Being a trifle OCD, when I sent my POWWOW’S COMING submission to the University of New Mexico Press, I included a couple of samples of what I thought the art should look like… to “help” the illustrator get my point? For example, the text called for a primary color palette because it’s a book about an important Native tradition, so the colors had to stay true to the tradition. When my editor said they wanted me to do the art, my initial reaction was, “Nooooooooo! I’ve never been to art school.” But he insisted and I am grateful he did. I spent a lot of time terrified, but studying; terrified, but asking advice from illustrator friends; terrified, but going ahead anyway. I learned to let go of the fear and trust my instincts. A few years later, I pitched the same editor a new book concept: an ABC book about loanwords from Native languages into English. I had read a delicious book, “O Brave New Words” by Charles S. Cutler and was astounded at how many English words have their origins in Native languages. Kids need to know the great contribution Native languages have made to our language, too. This time, doing the art was just a lark; a pure joy. I had 26 words from many languages of North, South and Central American indigenous nations, reflecting many topics from animals to food to sports. I’m a cut-paper collage artist so anything goes: extraordinary kinds of paper, real feathers, tiny beads, embroidery work, bark and other natural substances. So in 2010, my third book was released, GIVEAWAYS, AN ABC BOOK OF LOANWORDS FROM THE AMERICAS (University of New Mexico Press). Since then it has been the recipient of three Finalist Awards from the International Book Awards, Finalist in two categories in the 2012 New Mexico Book of the Year Award, and was included in the California Reading’s Association’s 2012 California Collections list of recommended Middle Grade titles. POWWOW’S COMING made Reading Is Fundamental’s 2011 Multicultural Books list so my head is still spinning.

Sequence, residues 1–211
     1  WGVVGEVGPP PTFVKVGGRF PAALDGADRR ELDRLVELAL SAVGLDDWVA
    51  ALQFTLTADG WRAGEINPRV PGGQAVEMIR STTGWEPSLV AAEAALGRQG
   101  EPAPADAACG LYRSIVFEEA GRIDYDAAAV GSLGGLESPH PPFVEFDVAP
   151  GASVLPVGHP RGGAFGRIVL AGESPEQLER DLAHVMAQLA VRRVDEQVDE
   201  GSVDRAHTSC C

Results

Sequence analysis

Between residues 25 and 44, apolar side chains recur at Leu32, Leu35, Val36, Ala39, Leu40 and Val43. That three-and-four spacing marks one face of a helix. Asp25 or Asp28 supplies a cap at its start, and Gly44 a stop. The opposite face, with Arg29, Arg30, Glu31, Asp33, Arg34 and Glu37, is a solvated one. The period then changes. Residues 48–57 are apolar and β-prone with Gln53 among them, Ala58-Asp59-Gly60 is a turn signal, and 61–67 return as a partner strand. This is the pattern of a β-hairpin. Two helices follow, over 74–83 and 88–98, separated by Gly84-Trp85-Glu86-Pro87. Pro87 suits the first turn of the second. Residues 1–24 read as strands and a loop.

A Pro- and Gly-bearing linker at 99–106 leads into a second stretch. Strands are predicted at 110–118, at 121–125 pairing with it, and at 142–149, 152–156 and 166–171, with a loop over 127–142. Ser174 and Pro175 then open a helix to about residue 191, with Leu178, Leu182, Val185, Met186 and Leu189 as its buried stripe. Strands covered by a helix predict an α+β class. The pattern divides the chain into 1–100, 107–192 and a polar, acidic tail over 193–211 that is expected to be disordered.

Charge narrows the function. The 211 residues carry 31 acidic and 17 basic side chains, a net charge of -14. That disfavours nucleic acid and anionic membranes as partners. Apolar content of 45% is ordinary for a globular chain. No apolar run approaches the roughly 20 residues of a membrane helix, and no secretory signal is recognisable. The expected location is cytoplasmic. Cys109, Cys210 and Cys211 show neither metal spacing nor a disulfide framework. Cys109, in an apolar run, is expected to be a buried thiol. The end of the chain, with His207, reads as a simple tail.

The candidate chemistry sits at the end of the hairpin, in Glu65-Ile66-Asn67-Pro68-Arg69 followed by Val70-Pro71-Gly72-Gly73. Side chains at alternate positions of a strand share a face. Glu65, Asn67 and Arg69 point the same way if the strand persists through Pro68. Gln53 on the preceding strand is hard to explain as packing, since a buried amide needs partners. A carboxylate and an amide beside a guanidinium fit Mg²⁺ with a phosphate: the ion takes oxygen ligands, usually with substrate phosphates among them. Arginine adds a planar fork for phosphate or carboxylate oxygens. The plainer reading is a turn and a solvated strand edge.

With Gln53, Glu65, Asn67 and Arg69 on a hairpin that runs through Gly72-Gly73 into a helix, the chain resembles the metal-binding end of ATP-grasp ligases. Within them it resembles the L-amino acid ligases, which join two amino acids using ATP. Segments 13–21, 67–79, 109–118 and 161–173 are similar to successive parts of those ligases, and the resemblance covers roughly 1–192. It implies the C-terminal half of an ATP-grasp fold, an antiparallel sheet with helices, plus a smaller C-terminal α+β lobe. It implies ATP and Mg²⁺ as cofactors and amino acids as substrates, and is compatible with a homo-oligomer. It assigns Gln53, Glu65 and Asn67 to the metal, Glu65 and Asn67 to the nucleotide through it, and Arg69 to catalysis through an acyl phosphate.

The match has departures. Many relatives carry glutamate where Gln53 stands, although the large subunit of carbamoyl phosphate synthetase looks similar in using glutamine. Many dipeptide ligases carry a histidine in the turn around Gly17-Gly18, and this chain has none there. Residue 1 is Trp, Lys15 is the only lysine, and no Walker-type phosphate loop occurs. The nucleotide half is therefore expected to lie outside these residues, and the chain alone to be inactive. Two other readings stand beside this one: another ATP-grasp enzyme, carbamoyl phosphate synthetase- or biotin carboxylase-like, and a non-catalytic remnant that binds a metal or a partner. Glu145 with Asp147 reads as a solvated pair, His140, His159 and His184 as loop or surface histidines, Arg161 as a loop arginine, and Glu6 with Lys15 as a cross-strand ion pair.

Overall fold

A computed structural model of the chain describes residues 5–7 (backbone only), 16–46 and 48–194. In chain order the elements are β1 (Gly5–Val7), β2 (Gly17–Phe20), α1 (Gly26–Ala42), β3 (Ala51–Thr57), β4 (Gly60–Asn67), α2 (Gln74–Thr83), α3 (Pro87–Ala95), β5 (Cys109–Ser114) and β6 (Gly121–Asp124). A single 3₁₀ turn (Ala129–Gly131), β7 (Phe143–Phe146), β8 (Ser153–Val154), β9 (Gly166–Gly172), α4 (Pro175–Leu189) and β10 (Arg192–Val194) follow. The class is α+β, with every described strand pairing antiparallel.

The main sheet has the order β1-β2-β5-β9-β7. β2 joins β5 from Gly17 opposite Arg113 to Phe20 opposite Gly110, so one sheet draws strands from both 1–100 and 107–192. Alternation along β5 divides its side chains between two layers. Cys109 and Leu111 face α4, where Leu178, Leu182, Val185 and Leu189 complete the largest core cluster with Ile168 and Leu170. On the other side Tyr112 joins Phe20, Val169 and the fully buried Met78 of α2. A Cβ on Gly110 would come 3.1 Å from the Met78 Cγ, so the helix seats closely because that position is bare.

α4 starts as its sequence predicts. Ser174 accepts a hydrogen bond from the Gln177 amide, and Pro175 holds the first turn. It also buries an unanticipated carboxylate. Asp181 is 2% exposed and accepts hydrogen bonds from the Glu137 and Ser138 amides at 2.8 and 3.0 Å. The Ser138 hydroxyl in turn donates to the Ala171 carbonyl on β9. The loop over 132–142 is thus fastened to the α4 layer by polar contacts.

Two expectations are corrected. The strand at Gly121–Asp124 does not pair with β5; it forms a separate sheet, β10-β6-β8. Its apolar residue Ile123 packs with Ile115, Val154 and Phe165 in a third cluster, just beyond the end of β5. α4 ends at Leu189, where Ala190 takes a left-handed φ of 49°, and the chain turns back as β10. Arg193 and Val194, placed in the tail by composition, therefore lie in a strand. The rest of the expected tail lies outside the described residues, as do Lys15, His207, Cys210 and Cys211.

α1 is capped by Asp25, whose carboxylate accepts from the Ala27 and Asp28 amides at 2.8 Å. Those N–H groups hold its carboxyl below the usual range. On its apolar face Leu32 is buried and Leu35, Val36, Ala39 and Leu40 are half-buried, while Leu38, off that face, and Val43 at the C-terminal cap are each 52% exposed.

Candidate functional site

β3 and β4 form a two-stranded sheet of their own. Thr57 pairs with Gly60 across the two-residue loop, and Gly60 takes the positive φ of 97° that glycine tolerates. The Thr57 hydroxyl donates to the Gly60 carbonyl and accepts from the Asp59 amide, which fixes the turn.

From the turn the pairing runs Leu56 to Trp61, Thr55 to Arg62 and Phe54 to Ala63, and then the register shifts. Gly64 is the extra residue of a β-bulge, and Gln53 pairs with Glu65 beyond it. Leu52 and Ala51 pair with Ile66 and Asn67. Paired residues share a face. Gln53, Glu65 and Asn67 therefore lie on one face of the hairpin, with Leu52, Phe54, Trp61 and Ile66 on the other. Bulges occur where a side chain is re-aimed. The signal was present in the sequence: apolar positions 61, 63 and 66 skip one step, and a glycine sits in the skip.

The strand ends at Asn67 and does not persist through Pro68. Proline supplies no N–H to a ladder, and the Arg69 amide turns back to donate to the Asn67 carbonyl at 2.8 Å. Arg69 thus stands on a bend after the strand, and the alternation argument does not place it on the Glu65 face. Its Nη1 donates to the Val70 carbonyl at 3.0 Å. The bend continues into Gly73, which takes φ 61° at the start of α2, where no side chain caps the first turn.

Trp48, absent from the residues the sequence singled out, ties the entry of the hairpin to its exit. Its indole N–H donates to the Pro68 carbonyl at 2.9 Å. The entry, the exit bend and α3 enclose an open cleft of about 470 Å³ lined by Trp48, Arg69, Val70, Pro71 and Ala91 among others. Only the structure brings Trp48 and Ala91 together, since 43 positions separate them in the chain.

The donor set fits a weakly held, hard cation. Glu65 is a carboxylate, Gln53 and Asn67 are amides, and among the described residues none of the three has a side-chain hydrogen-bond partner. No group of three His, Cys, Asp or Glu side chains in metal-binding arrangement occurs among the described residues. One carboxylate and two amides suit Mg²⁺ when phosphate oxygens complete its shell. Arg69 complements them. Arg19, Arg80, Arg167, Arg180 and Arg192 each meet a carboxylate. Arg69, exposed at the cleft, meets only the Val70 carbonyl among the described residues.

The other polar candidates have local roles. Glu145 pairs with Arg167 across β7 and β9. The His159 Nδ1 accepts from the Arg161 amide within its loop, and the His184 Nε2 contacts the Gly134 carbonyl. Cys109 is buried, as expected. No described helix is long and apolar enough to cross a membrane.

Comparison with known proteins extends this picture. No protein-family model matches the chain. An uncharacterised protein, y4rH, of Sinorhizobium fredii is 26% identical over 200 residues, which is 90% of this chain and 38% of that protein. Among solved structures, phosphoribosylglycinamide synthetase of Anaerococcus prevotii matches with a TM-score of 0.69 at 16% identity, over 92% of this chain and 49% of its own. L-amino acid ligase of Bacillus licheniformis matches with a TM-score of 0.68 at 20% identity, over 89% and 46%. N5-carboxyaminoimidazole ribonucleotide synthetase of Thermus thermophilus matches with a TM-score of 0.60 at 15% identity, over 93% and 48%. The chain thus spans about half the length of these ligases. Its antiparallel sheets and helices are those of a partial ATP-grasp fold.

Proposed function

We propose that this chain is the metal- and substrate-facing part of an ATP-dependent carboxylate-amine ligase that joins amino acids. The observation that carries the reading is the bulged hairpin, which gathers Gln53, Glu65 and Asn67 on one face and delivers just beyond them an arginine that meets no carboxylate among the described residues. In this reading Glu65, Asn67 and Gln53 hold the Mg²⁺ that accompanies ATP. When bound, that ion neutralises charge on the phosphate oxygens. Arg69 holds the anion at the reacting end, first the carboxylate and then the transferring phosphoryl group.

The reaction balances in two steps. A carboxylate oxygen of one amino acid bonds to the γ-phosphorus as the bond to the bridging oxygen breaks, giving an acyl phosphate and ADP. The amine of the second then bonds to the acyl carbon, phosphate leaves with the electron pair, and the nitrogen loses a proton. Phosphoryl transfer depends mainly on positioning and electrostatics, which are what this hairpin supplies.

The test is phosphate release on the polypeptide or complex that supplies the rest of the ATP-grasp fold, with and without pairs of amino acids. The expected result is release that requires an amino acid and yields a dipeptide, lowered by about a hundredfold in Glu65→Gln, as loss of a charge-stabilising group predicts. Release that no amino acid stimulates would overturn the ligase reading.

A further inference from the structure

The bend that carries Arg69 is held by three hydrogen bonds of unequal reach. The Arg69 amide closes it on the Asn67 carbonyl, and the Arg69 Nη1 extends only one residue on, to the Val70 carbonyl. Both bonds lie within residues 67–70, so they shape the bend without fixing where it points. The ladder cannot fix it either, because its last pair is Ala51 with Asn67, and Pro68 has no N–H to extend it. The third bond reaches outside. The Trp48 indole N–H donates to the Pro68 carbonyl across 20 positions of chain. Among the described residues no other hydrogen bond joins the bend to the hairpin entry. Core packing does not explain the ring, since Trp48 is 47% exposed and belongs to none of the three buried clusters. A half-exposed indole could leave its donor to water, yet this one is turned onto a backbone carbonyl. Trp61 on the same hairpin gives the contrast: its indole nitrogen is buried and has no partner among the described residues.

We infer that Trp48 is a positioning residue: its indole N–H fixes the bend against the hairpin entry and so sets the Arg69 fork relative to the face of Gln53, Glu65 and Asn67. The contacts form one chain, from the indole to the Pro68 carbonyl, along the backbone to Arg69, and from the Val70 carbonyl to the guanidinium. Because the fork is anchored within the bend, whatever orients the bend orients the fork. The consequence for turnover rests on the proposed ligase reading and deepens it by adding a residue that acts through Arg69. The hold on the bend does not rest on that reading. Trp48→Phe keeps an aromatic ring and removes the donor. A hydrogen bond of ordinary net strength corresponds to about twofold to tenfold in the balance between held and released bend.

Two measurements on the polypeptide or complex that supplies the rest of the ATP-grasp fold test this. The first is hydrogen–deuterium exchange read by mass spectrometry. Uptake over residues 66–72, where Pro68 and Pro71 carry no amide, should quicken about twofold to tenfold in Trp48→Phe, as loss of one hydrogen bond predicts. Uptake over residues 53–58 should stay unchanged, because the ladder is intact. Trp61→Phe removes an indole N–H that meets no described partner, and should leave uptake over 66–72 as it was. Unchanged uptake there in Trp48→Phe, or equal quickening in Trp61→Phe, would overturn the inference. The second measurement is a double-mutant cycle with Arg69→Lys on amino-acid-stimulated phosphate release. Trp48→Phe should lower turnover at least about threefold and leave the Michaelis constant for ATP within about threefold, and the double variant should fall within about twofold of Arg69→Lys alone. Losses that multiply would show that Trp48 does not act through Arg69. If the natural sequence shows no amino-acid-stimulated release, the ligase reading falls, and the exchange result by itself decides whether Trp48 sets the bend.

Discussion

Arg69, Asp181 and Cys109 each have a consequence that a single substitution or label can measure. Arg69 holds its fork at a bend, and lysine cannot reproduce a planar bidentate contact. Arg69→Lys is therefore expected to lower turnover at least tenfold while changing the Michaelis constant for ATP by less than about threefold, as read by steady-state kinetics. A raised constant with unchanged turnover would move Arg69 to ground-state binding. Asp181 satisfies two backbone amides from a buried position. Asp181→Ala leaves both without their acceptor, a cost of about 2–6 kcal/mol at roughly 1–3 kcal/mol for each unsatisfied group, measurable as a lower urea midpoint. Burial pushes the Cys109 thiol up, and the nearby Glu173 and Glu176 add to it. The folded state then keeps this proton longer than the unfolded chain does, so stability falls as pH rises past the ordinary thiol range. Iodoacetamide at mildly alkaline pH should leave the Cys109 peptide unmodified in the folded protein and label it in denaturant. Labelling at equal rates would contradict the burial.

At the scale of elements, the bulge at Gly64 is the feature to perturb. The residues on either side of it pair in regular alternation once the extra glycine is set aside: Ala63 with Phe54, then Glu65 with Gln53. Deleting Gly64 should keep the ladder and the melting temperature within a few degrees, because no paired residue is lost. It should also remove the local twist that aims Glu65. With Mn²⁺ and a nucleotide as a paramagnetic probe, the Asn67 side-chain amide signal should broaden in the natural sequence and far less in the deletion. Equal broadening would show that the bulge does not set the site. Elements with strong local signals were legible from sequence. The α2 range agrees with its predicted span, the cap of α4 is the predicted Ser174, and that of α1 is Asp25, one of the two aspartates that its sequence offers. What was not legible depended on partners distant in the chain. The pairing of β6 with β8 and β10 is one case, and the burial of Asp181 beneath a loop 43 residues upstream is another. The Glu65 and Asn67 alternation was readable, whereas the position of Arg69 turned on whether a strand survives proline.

7. Both your children’s books and your adult poetry have won awards. How do balance both?